From: Potsdam Institute for Climate Impact Research (PIK)
Published May 18, 2017 01:36 PM

Climate stabilization: Planting trees cannot replace cutting CO2 emissions

Growing plants and then storing the CO2 they have taken up from the atmosphere is no viable option to counteract unmitigated emissions from fossil fuel burning, a new study shows. The plantations would need to be so large, they would eliminate most natural ecosystems or reduce food production if implemented as a late-regret option in the case of substantial failure to reduce emissions. However, growing biomass soon in well-selected places with increased irrigation or fertilization could support climate policies of rapid and strong emission cuts to achieve climate stabilization below 2 degrees Celsius.

“If we continue burning coal and oil the way we do today and regret our inaction later, the amounts of greenhouse gas we would need to take out of the atmosphere in order to stabilize the climate would be too huge to manage,” says Lena Boysen from the Potsdam Institute for Climate Impact Research (PIK), Germany, lead-author of the study to be published in a journal of the American Geophysical Union, Earth’s Future. Plants suck CO2 out of the atmosphere to build their woody roots, stems and leaves. This is low-tech terrestrial carbon dioxide removal that could be combined with high-tech carbon storage mechanisms, for example underground.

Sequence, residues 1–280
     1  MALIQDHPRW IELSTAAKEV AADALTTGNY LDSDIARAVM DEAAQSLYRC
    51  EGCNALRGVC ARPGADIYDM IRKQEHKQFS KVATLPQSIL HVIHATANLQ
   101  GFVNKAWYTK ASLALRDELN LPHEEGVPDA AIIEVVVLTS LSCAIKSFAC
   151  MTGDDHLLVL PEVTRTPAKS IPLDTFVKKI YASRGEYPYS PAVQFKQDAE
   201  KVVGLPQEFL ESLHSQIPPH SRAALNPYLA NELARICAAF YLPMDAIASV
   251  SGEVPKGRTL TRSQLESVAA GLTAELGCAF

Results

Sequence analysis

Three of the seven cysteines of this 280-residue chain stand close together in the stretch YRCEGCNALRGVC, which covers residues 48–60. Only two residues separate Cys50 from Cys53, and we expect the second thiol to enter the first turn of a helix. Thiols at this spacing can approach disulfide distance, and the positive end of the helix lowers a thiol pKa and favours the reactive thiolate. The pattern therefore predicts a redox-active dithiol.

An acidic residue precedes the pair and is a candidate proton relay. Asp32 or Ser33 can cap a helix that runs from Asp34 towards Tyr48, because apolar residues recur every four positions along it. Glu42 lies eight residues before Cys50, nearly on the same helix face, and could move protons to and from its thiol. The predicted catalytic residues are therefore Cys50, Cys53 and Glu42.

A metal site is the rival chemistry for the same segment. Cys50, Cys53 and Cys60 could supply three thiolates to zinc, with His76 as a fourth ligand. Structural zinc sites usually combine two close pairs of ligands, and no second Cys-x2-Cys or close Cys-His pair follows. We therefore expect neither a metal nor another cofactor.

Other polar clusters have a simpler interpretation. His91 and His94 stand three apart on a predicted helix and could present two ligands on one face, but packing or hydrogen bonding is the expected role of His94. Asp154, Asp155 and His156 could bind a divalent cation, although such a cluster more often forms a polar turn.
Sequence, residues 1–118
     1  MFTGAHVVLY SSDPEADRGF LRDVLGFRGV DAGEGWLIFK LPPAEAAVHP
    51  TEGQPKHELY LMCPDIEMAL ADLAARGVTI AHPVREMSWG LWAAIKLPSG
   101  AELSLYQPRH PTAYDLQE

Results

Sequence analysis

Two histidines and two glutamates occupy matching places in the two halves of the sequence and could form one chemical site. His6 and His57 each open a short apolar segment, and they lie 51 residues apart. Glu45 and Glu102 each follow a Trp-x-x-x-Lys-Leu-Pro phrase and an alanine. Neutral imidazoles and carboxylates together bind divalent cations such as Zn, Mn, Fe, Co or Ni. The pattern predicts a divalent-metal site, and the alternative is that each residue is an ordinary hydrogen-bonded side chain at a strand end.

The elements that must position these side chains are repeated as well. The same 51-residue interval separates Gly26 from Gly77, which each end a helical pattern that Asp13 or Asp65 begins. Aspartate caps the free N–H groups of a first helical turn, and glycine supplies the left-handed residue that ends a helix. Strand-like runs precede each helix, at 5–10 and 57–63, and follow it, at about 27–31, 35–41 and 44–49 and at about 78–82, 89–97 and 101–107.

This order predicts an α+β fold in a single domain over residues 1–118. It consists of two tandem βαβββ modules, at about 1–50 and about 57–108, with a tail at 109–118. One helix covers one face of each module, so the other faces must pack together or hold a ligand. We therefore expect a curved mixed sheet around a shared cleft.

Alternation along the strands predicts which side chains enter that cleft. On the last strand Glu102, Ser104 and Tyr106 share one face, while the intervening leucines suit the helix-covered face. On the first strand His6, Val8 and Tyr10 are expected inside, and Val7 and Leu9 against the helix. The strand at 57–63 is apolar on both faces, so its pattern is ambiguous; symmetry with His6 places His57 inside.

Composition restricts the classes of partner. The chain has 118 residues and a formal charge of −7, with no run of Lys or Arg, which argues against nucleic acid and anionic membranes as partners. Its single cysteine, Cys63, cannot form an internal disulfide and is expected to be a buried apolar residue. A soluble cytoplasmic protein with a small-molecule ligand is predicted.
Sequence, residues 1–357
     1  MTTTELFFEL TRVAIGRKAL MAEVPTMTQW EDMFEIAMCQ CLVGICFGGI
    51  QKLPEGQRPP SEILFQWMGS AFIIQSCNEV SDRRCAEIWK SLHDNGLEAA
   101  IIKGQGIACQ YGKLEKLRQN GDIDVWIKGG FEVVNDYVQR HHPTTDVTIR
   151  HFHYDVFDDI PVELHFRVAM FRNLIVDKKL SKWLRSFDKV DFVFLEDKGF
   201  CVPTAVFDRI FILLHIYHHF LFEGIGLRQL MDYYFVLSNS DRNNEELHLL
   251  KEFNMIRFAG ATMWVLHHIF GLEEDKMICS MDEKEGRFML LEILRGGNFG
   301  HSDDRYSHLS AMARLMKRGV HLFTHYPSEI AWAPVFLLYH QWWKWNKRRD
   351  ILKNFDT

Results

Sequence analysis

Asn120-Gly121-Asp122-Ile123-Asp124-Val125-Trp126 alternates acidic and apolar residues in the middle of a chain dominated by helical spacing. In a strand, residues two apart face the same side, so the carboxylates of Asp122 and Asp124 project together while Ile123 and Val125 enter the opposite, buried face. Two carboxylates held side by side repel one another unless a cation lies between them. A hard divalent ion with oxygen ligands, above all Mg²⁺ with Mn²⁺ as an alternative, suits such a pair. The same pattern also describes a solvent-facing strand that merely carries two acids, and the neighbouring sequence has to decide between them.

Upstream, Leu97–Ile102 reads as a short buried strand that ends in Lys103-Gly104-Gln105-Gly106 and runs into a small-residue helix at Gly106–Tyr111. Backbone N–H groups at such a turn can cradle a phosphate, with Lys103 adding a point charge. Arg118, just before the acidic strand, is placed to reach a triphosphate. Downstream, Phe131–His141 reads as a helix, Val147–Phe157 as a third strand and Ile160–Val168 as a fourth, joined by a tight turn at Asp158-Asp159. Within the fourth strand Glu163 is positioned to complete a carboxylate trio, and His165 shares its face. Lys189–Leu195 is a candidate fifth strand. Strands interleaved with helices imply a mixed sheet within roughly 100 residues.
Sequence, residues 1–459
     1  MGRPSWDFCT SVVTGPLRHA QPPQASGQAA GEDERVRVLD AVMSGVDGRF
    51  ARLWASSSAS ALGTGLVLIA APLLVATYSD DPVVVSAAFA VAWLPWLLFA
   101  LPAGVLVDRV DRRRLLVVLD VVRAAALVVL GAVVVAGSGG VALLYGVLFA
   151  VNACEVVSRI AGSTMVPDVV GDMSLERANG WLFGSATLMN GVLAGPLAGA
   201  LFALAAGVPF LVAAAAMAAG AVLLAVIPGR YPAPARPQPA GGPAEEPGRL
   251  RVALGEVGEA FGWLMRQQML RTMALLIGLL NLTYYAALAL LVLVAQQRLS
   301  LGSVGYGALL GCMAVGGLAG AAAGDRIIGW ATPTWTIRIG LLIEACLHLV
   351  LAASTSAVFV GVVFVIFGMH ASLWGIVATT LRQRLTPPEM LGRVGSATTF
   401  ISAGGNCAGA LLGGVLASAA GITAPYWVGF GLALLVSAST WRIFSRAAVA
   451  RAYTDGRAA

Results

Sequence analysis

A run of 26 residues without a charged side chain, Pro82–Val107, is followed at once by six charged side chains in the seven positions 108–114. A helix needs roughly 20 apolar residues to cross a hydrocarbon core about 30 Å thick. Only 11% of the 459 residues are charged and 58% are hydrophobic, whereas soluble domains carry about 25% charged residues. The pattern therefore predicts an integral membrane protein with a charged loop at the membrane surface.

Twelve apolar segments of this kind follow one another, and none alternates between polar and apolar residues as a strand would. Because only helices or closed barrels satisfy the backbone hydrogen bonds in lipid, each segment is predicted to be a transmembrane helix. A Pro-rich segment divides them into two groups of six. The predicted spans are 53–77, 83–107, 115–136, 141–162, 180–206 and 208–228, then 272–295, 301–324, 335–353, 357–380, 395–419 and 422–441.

Three scenarios: Business as usual, Paris pledges, or ambitious CO2 reductions

“Even if we were able to use productive plants such as poplar trees or switchgrass and store 50 percent of the carbon contained in their biomass,” says Boysen, “in the business-as-usual scenario of continued, unconstrained fossil fuel use the sheer size of the plantations for staying at or below 2°C of warming would cause devastating environmental consequences.” The scientists calculate that the hypothetically required plantations would in fact replace natural ecosystems around the world almost completely.

Read more at Potsdam Institute for Climate Impact Research (PIK)

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